The Office Will Never Be the Same

The Office Will Never Be the Same

#office # home #working

America’s office workers have been miserable and burned out for a long time. The expectation of long hours at the office has been particularly hard on parents. Women, young people and people with disabilities have for years been among those on the forefront of pushing for more freedom in where work gets done.

Perhaps not surprisingly, employers have offered many reasons they cannot give people quite so much autonomy. People cannot be trusted to get their work done on their own, they have said.

Clients expect in-person, round-the-clock service. Running into coworkers in the hallway is sure to spur serendipitous ideas, right? And, people need to attend meetings, as well as meetings to prepare for those meetings and meetings to debrief after them.

But in the past few months, it has become clear to everyone what was really going on. Corporate America just did not want to change. “All these things could be done yesterday: This is the reality,” said a labor economist at the University of Michigan.

It is clear that America’s workers actually like the new way of doing things, even with the challenges of The Virus Chaos. In a recent poll of 1,123 people who have worked at home these past few months, representing the range of jobs, demographics and income levels of America’s remote workers, 86% said they were satisfied with remote work.

This chaos is not an ideal circumstance, which makes that number all the more surprising: Between sickness, job loss or the fear of it and schools not in session, this frame has been stressful for many workers.

People who can work from home are more likely to be White and have high incomes. The new office life leaves out the 6 in 10 American workers who cannot work from home.

Not all White-collar employers are committed to this new way of work, either. Some bosses schedule back-to-back Zoom meetings and monitor desk time by whether a Green Slack light is on, signifying employees are available. Others have already summoned people back to work. There is also the possibility that employers could panic about trying something new in a recession and with high unemployment, workers have less power to make demands.

Even for the lucky 1’s, all-remote work into the Winter could become dull and lonely, which is 1 reason that most office workers say in surveys that they prefer a hybrid arrangement: in the office some days and remote some days.

In the survey, which was conducted earlier this Summer, a significant number of people said they were incorporating more nonwork activities into their workdays: exercising, praying or meditating; taking naps or pursuing hobbies.

About 40% said they were taking more walks or breaks, or spending more time outdoors, 50% said they were spending more time with their family or doing household tasks.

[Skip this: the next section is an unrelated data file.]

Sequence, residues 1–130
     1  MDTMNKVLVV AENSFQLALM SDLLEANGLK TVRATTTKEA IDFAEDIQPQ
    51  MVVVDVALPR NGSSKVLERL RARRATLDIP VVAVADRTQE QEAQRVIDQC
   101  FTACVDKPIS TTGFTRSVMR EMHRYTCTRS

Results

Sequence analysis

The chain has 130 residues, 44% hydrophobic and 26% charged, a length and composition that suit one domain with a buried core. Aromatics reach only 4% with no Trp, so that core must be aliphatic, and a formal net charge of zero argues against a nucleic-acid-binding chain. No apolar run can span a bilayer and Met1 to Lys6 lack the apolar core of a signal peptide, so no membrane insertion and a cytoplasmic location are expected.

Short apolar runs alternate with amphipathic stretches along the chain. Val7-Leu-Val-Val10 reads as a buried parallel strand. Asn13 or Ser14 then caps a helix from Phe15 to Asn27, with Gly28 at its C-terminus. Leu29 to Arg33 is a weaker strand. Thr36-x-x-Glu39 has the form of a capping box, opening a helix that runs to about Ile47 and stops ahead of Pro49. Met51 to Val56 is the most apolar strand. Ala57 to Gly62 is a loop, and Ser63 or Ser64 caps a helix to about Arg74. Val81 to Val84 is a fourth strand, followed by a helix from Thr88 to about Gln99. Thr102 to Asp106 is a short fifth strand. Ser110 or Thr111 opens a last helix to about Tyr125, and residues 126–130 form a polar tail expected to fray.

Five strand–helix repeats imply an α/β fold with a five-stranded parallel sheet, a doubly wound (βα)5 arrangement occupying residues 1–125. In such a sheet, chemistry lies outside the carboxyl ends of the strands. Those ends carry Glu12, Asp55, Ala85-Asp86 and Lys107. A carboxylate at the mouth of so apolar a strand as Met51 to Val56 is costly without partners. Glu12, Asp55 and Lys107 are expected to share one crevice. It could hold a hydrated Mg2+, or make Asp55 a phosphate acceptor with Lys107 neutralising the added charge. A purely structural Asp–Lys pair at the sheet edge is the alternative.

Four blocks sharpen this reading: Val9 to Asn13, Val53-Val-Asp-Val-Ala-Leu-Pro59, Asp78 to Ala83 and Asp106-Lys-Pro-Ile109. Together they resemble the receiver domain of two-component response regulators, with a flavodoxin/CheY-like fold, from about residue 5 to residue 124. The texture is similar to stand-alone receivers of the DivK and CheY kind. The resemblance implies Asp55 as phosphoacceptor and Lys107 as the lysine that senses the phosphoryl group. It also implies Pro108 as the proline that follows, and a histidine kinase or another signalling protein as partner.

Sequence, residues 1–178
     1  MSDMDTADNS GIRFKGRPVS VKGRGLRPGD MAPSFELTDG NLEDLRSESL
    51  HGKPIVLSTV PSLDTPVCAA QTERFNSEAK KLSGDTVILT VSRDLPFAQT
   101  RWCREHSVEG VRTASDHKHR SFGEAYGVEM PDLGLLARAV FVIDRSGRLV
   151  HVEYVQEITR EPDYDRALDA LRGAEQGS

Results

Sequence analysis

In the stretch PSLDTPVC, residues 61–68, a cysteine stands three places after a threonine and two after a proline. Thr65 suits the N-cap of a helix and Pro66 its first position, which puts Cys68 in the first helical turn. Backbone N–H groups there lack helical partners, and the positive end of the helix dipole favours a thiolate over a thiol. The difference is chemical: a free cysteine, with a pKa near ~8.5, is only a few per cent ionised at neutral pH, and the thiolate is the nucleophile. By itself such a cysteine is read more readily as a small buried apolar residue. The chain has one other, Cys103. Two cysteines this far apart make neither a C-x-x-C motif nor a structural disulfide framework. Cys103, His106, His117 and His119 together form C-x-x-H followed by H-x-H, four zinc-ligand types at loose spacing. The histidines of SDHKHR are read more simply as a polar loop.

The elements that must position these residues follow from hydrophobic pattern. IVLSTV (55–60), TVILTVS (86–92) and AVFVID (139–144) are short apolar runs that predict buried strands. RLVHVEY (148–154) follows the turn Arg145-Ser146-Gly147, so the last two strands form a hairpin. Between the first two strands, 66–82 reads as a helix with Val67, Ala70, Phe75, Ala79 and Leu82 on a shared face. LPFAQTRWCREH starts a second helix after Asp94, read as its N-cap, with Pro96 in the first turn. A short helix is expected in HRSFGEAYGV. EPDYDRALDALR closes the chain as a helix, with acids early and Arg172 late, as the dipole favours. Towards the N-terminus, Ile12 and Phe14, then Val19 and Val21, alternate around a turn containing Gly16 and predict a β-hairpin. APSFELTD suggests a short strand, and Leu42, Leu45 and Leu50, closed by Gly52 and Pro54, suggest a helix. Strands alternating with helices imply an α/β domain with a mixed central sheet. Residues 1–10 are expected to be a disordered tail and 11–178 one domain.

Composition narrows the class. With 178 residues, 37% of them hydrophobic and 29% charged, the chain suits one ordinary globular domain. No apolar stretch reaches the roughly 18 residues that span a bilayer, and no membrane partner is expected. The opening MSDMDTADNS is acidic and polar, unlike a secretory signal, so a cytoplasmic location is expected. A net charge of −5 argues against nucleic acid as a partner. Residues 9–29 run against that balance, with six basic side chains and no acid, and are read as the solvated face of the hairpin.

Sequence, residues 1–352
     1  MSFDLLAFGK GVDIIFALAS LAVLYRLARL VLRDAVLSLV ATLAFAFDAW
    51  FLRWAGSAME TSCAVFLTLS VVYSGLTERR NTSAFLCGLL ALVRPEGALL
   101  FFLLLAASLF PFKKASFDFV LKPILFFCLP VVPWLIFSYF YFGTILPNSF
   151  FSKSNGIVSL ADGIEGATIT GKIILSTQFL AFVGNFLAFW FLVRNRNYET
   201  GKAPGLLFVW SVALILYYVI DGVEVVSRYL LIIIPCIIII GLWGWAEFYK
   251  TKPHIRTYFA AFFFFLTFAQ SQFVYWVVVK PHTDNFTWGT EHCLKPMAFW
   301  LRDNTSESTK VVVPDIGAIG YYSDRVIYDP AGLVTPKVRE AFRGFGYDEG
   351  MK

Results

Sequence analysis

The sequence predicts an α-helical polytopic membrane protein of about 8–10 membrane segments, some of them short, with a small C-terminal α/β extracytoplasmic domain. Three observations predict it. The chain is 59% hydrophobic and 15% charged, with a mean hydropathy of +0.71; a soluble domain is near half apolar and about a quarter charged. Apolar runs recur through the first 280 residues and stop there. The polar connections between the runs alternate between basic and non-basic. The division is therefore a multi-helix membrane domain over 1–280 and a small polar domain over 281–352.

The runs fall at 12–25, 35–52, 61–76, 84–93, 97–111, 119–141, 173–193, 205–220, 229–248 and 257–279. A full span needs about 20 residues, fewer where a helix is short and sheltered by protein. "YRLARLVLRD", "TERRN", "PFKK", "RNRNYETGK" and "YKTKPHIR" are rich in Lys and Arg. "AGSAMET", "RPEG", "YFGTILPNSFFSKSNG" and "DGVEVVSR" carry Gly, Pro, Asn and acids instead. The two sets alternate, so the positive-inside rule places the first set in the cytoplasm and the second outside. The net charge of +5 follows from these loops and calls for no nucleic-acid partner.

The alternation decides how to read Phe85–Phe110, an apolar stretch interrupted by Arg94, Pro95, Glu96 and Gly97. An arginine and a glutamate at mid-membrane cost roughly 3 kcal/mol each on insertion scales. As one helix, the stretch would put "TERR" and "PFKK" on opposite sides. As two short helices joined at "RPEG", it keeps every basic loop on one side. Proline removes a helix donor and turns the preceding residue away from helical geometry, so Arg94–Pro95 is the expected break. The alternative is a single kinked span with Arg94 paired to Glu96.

Realistically, most people were not working 8 or 10 hrs straight in the office either, but running or meditating is probably healthier than scrolling through social media or gossiping.

It seems to be reducing stress levels.

Even in a time of extreme stress overall, people who have been working from home were more likely than not to say they were less stressed than before about both work and home life. Roughly 60% said working from home had made them more able to focus on their health, saved them a lot of time each day, and made them feel more connected with their families.

75% said their productivity was either the same or improved. It does not take a survey to tell us that interspersing work with rejuvenating activities like walking or resting often boosts energy and creativity.

Workers are already thinking about ways they can keep this going after it’s safe to return to the office.

Only 1 in 5 said they wanted to go back full-time. Nearly 1 in 3 said they would move to a new city or state if remote work continued indefinitely, which companies like Zillow and Twitter have already said they would allow. Some people have moved to less expensive places, or to be closer to family or nature.

Working from home you have more time for the things that really matter.

Have a healthy day, Keep the Faith!

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Paul Ebeling

Paul A. Ebeling, a polymath, excels, in diverse fields of knowledge Including Pattern Recognition Analysis in Equities, Commodities and Foreign Exchange, and he it the author of "The Red Roadmaster's Technical Report on the US Major Market Indices, a highly regarded, weekly financial market commentary. He is a philosopher, issuing insights on a wide range of subjects to over a million cohorts. An international audience of opinion makers, business leaders, and global organizations recognize Ebeling as an expert.